The monitor and/or loudspeaker shows the message provided by the database according to the Address Code received from local Address Code emitters/carriers. With a screen, the driver can get required information through the map of current area with highlighted route from departure to destination and a bright spot representing the vehicle's current location. Since the Address Codes are set discontinuously, the bright spot will jump from the current address to the next address point when the Receiver receives the next Address Code. A bright or another color arrow is used to show the direction he should drive next.
In this invention, a Receiver can be made as series products. A luxury Receiver has full options as we have described above. An economical Receiver may only have a speaker to tell the driver where he is and what is the best way to go next. The Receiver can be made as an individual device or integrated into other devices for example, a radio, cassette, CD player, or a cellular phone. It can be carried on a vehicle, boat or by a person.
The present invented Local Positioning System comprises of three main development processes: building Address Code databases, which sets the Address Code near a path and developing the Receiver. The embodiment of the development processes is introduced as follows.
The database comprises two types of databases: electronic map database and Address Code database. Electronic map database, which gives the present invention a reference, has been built a long time before. The digitized map is a combination of the electronic map and address code database, which has all advantages that the electronic map has. But the input method for search area is different. In the new database, a desired address can be searched by inputting a real address, postcode or an automatically received Address Code. Which means an Address Code can be a search key to find out its corresponding address, then a map of this area will be shown on the screen. As the vehicle is moving, new Address Codes will be picked up one by one, then the map shown in the screen will change automatically according to the received code.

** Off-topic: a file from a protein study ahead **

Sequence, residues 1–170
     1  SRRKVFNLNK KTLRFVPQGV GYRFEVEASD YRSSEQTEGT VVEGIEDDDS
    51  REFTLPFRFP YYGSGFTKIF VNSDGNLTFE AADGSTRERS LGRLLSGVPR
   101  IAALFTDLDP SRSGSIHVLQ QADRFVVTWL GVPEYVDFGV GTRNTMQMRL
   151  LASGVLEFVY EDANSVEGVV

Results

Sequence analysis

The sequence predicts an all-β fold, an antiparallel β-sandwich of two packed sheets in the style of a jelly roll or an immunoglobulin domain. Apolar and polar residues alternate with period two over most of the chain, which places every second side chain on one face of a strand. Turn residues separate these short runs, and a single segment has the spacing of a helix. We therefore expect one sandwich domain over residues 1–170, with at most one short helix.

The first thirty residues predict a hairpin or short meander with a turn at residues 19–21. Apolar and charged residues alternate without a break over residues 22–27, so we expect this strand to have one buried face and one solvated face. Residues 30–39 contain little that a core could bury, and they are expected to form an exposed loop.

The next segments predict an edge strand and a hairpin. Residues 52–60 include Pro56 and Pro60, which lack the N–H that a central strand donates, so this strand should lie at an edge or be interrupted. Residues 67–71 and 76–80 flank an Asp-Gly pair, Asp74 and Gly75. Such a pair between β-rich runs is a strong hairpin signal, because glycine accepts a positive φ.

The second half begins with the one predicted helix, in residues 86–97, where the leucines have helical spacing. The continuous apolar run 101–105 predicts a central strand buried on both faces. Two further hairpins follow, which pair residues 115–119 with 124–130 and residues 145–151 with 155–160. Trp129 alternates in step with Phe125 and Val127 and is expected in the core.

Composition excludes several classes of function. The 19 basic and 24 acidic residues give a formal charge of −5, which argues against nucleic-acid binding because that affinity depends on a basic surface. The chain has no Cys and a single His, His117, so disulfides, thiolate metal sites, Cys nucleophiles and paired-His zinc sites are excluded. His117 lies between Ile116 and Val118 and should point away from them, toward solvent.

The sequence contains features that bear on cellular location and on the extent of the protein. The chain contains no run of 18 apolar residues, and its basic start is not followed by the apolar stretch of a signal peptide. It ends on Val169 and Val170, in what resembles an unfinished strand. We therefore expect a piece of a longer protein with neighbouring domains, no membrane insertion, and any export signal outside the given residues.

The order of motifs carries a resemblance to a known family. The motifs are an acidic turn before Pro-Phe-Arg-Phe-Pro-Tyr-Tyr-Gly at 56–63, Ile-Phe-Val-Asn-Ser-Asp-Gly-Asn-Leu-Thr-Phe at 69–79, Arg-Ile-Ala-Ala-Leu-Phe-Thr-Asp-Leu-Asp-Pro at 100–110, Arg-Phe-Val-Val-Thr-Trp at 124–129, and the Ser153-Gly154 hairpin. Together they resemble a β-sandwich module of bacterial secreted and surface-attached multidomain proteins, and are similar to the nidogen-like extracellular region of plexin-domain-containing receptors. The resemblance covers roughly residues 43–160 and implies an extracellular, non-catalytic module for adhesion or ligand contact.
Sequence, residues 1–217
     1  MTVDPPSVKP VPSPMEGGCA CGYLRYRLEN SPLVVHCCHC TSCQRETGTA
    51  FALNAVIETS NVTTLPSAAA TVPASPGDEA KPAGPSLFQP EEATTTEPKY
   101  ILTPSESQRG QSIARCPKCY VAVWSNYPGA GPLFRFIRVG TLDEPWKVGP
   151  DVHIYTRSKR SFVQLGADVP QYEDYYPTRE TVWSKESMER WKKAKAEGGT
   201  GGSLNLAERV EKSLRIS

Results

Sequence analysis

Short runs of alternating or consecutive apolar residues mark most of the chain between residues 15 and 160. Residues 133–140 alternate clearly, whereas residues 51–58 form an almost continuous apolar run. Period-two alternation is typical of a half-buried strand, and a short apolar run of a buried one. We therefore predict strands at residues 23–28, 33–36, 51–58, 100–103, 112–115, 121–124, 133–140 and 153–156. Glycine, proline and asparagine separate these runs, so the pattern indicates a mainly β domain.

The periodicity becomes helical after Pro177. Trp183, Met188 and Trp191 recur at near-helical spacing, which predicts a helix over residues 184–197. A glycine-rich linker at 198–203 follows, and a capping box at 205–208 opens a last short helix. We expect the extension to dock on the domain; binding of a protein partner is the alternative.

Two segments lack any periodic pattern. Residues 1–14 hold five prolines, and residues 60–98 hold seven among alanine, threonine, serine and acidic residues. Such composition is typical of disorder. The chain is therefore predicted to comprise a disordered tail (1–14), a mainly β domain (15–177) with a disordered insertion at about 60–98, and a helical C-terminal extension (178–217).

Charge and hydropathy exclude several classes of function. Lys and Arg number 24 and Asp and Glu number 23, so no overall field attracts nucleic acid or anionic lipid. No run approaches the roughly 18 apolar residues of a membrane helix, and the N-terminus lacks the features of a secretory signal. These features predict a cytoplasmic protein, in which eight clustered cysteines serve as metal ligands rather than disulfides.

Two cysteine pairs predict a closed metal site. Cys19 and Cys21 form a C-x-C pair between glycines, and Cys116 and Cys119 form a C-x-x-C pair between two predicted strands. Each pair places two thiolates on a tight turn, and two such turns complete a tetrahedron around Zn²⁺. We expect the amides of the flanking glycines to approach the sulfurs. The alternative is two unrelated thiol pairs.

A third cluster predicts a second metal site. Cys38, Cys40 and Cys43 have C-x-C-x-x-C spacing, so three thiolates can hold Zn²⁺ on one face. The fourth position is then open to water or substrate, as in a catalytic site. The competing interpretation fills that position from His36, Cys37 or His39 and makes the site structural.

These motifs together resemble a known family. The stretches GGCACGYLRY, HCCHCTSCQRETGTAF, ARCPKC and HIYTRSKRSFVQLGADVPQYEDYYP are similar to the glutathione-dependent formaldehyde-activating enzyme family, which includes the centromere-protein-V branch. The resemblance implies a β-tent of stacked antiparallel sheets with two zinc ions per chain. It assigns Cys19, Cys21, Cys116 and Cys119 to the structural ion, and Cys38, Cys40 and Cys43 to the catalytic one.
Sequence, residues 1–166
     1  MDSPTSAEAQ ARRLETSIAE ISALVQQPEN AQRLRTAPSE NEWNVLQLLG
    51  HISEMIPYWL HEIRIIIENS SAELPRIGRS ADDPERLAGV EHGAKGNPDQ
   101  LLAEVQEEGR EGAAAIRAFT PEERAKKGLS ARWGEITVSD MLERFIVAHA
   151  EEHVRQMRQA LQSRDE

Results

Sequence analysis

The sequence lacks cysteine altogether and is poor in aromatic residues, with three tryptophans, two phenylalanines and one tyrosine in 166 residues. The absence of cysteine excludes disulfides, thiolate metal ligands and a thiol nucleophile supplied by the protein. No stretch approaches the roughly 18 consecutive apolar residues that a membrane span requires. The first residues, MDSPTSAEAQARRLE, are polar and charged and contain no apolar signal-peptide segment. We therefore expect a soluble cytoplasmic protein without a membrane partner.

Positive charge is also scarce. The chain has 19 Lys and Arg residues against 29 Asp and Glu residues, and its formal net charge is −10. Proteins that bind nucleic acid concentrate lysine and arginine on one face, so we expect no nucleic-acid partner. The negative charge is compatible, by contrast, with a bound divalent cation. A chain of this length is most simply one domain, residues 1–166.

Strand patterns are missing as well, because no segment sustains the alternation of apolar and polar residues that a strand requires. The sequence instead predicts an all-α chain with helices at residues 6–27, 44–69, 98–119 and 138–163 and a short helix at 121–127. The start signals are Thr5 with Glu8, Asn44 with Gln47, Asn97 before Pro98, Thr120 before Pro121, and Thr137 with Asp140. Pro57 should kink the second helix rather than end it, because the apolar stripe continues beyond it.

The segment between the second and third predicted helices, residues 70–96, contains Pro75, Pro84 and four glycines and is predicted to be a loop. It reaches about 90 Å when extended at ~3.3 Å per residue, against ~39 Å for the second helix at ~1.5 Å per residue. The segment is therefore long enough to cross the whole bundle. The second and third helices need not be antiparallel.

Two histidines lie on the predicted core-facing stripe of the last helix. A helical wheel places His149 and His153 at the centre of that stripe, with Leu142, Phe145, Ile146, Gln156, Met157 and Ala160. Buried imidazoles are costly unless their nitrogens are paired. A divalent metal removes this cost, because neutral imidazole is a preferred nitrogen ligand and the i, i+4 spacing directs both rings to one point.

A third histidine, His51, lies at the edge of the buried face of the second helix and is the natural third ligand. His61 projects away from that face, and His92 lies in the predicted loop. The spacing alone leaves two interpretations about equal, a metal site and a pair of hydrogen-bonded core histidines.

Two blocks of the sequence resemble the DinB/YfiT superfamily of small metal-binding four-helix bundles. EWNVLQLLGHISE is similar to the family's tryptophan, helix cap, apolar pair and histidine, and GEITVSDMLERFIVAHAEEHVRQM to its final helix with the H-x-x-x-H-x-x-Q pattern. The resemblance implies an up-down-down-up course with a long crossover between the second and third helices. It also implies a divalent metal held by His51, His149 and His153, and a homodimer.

The Address Code database is one of the important sections of the present invention. The Address Code is digitized road information that includes real addresses, traffic signs, and helpful information beside the path. The information on the real address of the current location is the first thing we want to know from the address code. It is quicker and more reliable to get location information in this way than through satellites. It is helpful and convenient for driver to get the information on the road and status from the address code too. Even a helpful information something like, “HOSPITAL AHEAD” can be digitized and put in the database.
The built Address Code database is combined with the electronic map and is stored into media storage first. Then the Address Code emitters/carriers can be set up individually on the road for the receivers to pick up the road information.